Amazon has surged ahead to take the number one spot in the most recently reported BrandZ ranking of the top 100 global companies in terms of brand value, displacing long-time holders Google and Apple from their top positions. The brand’s 52-percent growth to around $315.505 billion seems to impact Google more than Apple, which held onto its second place position with value growth of just three percent.
Google fell in at a brand value of $309 billion, up by two percent from 2018’s ranking. But it fell two full positions to take the third spot — ending the back and forth shuffle between Apple and Google, which have duked it out in the top two since 2007.
This marks the first time Amazon has been ranked first in the listing, following years of rivalry between three top companies and Amazon’s business expanding in several directions both in and out of the retail space.
Aside from Amazon's move to the top, Xiaomi and Dell Technologies were added to the list for the first time this year. The latter company came in with $18.486 billion in brand value, placing all the way down in position 81 compared to Xiaomi's place in spot 74 with $19.805 billion in brand value.
Results showcase tumultuous year for Huawei and Google
Google's fall from the number two spot showcases the difficult year Google has had in terms of meeting regulatory requirements and several sizeable PR debacles stemming from both its primary business and YouTube.
The search giant has faced rapidly increasing scrutiny focused on its handling of consumer data, practices related to user control over their personal information and how the company uses that, and anti-competitive practices. The heat has come from governments both local to the U.S.-headquartered tech giant and abroad.
Amazon has faced some scrutiny of its own but has not been as big a player in areas where worries are on the rise about consumer data protection.
On the mobile side of things, Huawei grew from its previous 48th position to number 47 with an eight percent increase in brand value to just over $26.9 billion while Samsung fell five full positions to 38th. That's due to a six percent decrease in brand value from 2018.
The Chinese smartphone manufacturer had expected to overtake Samsung in terms of mobile sales and by other metrics in 2019 but that doesn't seem as though it's likely to happen. Samsung still holds strong at a brand value just shy of $30.37 billion despite some downturn in its overall ranking.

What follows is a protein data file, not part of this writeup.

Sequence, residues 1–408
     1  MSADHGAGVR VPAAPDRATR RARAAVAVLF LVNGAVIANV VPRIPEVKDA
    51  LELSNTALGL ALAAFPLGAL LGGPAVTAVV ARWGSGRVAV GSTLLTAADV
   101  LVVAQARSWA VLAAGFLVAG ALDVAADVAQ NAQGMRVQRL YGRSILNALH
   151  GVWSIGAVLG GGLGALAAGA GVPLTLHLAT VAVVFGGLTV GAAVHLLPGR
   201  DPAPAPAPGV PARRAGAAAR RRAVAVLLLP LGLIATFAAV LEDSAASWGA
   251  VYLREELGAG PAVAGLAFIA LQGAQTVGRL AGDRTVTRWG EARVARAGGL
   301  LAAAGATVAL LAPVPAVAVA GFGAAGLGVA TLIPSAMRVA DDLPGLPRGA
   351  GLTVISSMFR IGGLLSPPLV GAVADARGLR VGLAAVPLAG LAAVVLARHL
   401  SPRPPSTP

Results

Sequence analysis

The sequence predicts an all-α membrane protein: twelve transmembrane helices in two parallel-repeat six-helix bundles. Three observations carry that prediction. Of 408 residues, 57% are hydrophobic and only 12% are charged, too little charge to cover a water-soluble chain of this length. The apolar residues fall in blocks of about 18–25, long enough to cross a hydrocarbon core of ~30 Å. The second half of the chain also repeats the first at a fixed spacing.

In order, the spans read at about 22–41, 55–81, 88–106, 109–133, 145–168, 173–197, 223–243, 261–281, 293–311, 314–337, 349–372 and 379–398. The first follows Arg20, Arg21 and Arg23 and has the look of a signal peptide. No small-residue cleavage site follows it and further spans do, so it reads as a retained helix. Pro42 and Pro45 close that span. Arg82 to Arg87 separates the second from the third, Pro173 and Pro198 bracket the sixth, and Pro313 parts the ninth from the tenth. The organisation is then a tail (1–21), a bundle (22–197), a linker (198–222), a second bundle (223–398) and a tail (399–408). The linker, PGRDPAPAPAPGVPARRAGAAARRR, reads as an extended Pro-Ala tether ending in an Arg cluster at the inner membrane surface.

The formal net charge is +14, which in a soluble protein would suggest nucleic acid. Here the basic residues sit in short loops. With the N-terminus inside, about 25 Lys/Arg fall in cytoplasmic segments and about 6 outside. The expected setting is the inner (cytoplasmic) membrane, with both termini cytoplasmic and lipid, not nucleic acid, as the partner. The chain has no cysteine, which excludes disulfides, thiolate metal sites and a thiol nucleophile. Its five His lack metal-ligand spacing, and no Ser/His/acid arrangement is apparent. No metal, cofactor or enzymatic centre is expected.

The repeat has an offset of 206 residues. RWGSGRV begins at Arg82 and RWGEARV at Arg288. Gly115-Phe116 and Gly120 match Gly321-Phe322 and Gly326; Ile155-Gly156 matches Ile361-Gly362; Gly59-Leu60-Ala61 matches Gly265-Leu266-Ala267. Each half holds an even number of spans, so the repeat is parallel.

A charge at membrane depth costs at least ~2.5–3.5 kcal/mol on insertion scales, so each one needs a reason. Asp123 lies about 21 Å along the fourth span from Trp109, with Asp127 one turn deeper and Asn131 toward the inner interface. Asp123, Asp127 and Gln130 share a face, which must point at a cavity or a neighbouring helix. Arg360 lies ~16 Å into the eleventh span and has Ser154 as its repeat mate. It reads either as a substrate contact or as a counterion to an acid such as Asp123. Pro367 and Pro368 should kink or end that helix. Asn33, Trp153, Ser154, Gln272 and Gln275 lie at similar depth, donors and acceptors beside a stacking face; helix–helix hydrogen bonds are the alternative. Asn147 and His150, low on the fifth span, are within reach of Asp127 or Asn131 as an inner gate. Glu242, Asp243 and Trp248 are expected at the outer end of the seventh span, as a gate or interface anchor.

A lot of that could easily be chalked up to recent circumstances surrounding Huawei as a trade battle between Eastern and Western powers rages, pitting the company against the U.S. government. Among the most damaging events for Huawei has been a temporary ban on the company instituted by the U.S. government, ending partnerships between the company and U.S. companies.
Some of that cooperation has rebounded with a temporary reprieve offered by regulatory agencies within the country but Huawei is also presently scrambling to build its own mobile ecosystem and supply chain. The situation is undoubtedly slowing its growth as a brand since smartphones and networking equipment business affected by concerns surrounding the company are its most important market holdings.
The bulk of Huawei's troubles have begun to really peak in 2019 and it could suffer on next year's ranking as a result.
The tech shuffle continues throughout the list
Other big companies in the top ten placements include Microsoft, Facebook, AT&T, and Chinese Amazon competitor Alibaba.
Microsoft kept is fourth place position despite a brand value increase from last year of 25-percent while Facebook held its sixth-place position in spite of a two percent drop following more than a year of controversy. The embattled social media and tech company was valued at nearly $160 billion. AT&T saw a two percent value growth rate and stayed in the tenth spot.
Alibaba may be the biggest story in the top ten places due to its similar growth to its top competitor at number one, Amazon. The company’s growth fell in at 16-percent and it rose from the ninth position up to the seventh. Similarly, in the top 100 companies, Facebook’s own Instagram seems to present the largest threat to its parent company, with a growth rate of 95-percent and a leap from position 91 to 44 over the past year.